However, we cannot understand local action without considering the context in which it is set. It is through his analysis of changes in economic production, globalisation and geography that Pierre Veltz gives this local turning point the required credibility. The globalised economy is no longer based on a division of labour between countries, with designers and consumers on the one hand, and implementers on the other, nor on this ‘fine-grained’ globalisation that reconciles global value chains and extreme fragmentation of production, with its share of uncertainties for local links that can be substituted at any time. It is increasingly based on vast regional urban ecosystems, organised around concentrated and powerful hubs, often large metropolitan areas. Among these are the Pearl River Delta in China, the urban regions of coastal California includingSan Francisco and Los Angeles, Tokyoand Osaka in Japan, andsoon, Lagos in Nigeria. On this scale, it is not the Parisian metropolis alone that must be taken into account in France, but what the economist calls the ‘French metropolis’ –i.e. the entire French metropolitan system that connects the capital and the other French metropolitan areas in a network. Seen from a global perspective, Mont-Saint-Michel, the Alps, Bordeaux and Paris are all in the same metropolitan region. It is a perspective effect, but also a consequence of territorial interdependencies and efficient transport and trade facilities.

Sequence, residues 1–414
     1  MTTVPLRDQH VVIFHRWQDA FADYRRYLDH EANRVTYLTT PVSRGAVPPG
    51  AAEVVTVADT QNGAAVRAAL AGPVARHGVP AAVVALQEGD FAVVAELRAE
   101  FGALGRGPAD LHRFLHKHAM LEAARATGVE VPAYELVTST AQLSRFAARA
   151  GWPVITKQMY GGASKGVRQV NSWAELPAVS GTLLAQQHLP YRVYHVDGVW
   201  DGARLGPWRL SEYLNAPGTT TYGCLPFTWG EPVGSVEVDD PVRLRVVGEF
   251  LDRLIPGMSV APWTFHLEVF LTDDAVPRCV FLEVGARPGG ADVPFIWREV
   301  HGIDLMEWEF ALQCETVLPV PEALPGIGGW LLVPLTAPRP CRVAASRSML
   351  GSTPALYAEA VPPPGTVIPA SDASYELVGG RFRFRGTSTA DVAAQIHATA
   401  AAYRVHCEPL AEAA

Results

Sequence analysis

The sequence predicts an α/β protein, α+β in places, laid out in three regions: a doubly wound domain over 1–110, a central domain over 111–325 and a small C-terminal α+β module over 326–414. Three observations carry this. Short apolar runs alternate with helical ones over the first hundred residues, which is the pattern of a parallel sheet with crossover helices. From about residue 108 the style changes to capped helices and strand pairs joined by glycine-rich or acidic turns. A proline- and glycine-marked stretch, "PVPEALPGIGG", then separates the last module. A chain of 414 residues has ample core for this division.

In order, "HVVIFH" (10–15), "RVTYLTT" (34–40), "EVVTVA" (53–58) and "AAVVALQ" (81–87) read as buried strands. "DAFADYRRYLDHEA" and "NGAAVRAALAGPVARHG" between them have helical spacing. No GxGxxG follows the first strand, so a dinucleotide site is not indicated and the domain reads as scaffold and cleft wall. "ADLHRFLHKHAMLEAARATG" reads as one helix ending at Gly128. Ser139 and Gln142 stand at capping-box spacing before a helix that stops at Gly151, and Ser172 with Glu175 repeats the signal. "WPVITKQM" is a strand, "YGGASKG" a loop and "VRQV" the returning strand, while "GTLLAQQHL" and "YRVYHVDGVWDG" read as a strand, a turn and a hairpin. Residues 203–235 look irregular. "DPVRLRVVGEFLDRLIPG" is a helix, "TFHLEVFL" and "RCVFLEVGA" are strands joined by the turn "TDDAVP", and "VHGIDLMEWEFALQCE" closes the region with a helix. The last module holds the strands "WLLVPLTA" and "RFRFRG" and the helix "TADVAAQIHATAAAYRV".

It is thus increasingly what is happening within these systems rather than their exchanges with the rest of the world that must be taken into account. We are not experiencing a process of ‘deglobalisation’, but already a shrinking of value chains and a relocation of certain activities, including production. The hierarchy of the global system is transformed with a fine re-articulation of the different scales, from the global for massive components to the local levelfor finalisation, personalisation, and consumption.
At the same time, production has changed considerably with what the author calls ‘hyperindustrialisation’, namely the increasing integration between industries, services and digital technology, which in many ways makes obsolete both our statistical measures and our ways of representing the current industry, with the blinders of the old world. These regional metropolitan systems each have different levels of polarisation-distribution: the distribution of activities in their constituent territories can thus vary greatly, creating more or less balanced situations. While the London system is extremely polarised, with a great imbalance between London's development and that of the rest ofthe UK, the French system, contrary to many preconceived ideas, is one of those where the level of distribution is the highest–i.e. the most balanced.